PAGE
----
So who says Americans can’t agree on anything anymore. The U.S. public, and its leading presidential candidates, want drone strikes to continue. All seem to feel like the current drone program is legal under U.S. and international law.  (I should hasten to add that I agree with them on the legal point, although I do think there are many reasonable questions about the program.)  In any event, for U.S. presidential candidates, the only question is whether to do more, not less.

http://opiniojuris.org/2016/03/07/who-says-america-cant-agree-on-anything-anymore-every-us-presidential-candidate-is-in-favor-of-u-s-drone-strikes/

4 Responses

  1. Thanks for the post , well , you are right , yet , the real issue is not in fact , the overwhelming consent , but :

    The mere fact , that elimination by drone strike , is the minimum of the minimum . What can be done less than that ?? The trauma of ground invasion , is yet living , and anyway , this is a global war , you can’t invade the whole planet !! So , besides , abduction , as more proportionate mean ( and considered from time to time ) you can do nothing less as a president , surly in light of such intelligence reports , and bitter event like the twin towers .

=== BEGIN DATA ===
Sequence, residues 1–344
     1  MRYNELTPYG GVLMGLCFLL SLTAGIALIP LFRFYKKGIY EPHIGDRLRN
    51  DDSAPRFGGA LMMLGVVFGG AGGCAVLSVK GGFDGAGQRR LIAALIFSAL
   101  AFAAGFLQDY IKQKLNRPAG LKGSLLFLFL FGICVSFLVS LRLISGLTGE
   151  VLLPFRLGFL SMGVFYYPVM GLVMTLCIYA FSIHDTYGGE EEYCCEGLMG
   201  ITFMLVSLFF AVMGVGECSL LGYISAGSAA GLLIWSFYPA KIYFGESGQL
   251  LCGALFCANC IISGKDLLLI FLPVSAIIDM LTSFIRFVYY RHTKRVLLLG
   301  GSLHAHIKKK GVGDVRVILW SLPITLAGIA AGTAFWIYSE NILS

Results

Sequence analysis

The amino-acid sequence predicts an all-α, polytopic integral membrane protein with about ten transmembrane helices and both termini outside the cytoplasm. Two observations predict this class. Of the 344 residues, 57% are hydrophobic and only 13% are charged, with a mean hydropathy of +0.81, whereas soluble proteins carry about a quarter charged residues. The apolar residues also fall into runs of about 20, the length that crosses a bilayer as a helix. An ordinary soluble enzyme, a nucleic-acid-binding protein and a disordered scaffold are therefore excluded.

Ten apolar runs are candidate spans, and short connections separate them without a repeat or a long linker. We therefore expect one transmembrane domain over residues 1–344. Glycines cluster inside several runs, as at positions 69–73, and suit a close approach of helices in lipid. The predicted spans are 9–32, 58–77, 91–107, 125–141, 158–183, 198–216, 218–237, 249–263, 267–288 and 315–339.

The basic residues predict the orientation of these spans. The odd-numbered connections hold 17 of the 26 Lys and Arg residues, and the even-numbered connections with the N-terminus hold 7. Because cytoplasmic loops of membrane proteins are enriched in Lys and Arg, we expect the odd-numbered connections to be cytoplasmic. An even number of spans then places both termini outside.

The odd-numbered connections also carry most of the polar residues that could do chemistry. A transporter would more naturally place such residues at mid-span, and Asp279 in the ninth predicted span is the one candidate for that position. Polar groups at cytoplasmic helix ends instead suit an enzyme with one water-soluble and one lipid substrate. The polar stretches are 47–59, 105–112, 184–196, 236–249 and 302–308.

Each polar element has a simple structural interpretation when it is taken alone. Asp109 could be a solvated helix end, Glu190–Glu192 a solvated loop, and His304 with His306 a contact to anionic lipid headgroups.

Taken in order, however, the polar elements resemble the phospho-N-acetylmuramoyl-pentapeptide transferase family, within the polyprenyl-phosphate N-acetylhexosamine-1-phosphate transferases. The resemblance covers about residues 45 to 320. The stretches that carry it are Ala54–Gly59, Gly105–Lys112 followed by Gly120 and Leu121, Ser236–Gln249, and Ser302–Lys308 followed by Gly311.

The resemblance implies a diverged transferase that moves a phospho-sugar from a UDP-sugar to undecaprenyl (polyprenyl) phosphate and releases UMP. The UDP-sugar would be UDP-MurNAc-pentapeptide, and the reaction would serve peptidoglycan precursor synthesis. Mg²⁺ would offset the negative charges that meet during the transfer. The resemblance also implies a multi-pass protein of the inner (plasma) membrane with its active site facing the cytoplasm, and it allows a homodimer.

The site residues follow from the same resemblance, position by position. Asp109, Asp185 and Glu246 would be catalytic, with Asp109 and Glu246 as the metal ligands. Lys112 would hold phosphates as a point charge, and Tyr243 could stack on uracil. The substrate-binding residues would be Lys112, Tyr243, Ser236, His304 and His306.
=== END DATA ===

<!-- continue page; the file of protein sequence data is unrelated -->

The author, ignored the ” unwilling / unable ” doctrine (in self defense). So how a consent would be relevant ? If a state is in an : ” unwilling / unable ” state ( like Syria or Yemen ) then : consent is no longer relevant !! Since , even if willing , than , what a state can’t do for itself ( terminating with Daesh ( IS ) ) for example ) How would it do for the US ( let alone ) ?? And if declined , then , what was the point , you must consider the decline !! Otherwise , why request for consent been forwarded ??

    Hell of complications ….. Thanks

  2. Just clarification to my above :

    The Minimum , provided that target is considered as ” Ticking bomb ” ( what is the range of time for it , hell of one ! ) .

    Thanks

  3. One may find great interest in this report to come ( casualties due to drones killings ):

    http://www.politico.com/blogs/under-the-radar/2016/03/barack-obama-drone-casualty-report-220388

    Thanks

  4. law of war and self-defense targetings (in peacetime) are not controversial or uncertain